If they didn’t have such an obvious promotional header (perfectly designed if you ask me) you’d think this was an editorial email until you started clicking the links. Every link in this email is promotional, which makes it a logical extension of their event site but styled in an appealing editorial kind of way.
And when it comes to straight up promotion-y promotions, MEN uses a familiar format and rotates between long-form promotional copy and short copy.
Email Schedule and Frequency
MEN excels at converting visitors into email subscribers and then converting those subscribers into buyers by having a fairly nailed down editorial calendar. For the last several weeks, this is the email calendar I’ve been able to cook up.
It is, in theory, a four week calendar mashed together for the sake of simplifying.
- There are six editorial email newsletters, but only three go out every week.
- One week you’ll get Health, Simple Living and Green Energy emails on Monday, Wednesday and Friday.
- The next week you’ll get Real Food, DIY Skills and Gardening emails on the same days.
- Beyond that, they also rotate between sending in the AM and in the PM on opposite weeks.
- The only email sent with exact precision is Monday’s Mother Earth News Fair promo, which arrives at 7am every Monday.
How MEN Emails Make Money
Their emails have a good run of banner advertising that are 3rd party sponsorships, mixed with a good array of product-oriented (internal) sponsorships. In terms of selling advertising, it appears that they sell all the slots they can, and use their own products fill up the remnants.
It’s a nice sponsor / product revenue split actually, because while some publishers get rich selling just their own products, MEN has no trouble using their own inventory to fill ad slots and do both.
On Mondays they sell tickets to their Fair, and the rest of the week they’re sending promos about their different magazines and products. If they sent me a third-party advertisement, I never noticed it.
In their editorial emails, they’re selling ad space in the form of banner ads and native advertisement. I’d love to know the difference in price between the two ad slots now that native advertising is becoming a premium sponsorship opportunity.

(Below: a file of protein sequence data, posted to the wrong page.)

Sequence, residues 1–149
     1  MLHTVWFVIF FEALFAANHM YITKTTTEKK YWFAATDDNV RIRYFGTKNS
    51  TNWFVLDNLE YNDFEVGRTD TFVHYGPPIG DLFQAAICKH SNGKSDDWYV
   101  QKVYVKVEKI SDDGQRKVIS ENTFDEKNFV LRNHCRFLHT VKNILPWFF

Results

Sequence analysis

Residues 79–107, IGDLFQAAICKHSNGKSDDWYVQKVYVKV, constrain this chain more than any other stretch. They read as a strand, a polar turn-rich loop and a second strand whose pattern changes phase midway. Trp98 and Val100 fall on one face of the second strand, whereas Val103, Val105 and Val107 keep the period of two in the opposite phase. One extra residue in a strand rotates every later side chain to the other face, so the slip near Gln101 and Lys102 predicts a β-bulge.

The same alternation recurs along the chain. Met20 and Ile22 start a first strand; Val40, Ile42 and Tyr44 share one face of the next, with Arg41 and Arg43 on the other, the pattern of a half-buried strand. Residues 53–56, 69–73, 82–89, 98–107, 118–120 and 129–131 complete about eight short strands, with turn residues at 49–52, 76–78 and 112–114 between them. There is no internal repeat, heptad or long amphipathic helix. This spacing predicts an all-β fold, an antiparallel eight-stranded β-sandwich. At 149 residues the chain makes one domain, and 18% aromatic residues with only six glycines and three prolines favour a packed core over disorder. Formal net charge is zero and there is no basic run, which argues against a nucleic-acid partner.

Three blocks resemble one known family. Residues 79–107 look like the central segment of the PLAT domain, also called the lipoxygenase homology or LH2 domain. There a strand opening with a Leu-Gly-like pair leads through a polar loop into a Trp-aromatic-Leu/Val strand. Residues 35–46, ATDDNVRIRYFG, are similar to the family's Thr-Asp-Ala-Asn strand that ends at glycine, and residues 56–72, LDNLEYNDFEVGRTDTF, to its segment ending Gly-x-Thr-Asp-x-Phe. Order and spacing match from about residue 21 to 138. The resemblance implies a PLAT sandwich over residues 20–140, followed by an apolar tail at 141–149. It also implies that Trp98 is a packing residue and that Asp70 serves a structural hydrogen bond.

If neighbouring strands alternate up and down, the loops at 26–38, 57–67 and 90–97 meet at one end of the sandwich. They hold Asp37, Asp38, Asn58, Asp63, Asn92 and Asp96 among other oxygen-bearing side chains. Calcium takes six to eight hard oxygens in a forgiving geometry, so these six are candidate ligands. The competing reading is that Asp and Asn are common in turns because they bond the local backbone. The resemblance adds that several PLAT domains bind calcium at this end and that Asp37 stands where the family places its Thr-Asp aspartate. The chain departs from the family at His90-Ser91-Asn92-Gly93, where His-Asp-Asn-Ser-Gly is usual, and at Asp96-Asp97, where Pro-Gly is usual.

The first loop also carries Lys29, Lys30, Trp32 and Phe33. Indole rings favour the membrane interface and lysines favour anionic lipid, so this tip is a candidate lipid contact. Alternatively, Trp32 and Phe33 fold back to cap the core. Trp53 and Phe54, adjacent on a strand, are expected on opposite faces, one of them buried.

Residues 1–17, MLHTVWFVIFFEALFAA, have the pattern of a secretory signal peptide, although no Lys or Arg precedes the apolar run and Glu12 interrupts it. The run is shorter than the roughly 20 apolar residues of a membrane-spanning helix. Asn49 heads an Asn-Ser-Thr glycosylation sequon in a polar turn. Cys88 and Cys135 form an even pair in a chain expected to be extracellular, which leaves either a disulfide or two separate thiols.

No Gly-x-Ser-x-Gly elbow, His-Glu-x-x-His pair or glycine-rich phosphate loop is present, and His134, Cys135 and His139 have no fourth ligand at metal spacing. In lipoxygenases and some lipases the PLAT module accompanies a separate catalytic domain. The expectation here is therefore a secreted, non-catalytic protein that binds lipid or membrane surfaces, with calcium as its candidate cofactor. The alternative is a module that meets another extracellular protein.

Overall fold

A Nice Bonus
Something that I witnessed during my time as an email observer was their innate ability to build loyalty with readers. For example, as member of the Editorial Advisory Group email list, I was sent an email asking me to vote on the upcoming cover and sell line. They have several other “Advisory” groups that ask their readers to weigh in on surveys that help them create better products.
On another day, when MEN sent out an email with an incorrect link, they sent it out again, starting the subject line with “Oops! We fixed it.”
There’s nothing I enjoy more from a brand or publication than a little humility. Trust me, I’ve sent out a broken link once or twice and have sent out a rogue email exactly three times (I know these exact numbers because I’ve had exactly three mini heart attacks!) Saying “Oops” is OK in my book. Anyone responsible for hitting the “send” button on emails that go out to thousands of people deserves a deep tissue massage at least once per month.
Overall, I think their calendar is strategic. By rotating AM and PM emails they’re able to see which ones perform better. And, by rotating topics in a bi-weekly fashion, they are probably keeping email subscribers on their lists longer by not bombarding them with multiple emails per day, even if they’re subscribed to all six.
As I mentioned earlier, I’m most impressed with their email templates. They offer solid options for advertisers in their editorial template, and make do with the space when they don’t sell it by leveraging their own products. And my favorite out of all this is their Fair promotional email which looks so editorial that you can’t help but click the links. Publishers who produce events can learn a lot by studying those emails (I’m taking copious notes!).
What have you learned from what MEN has built into this intensely strategic email plan?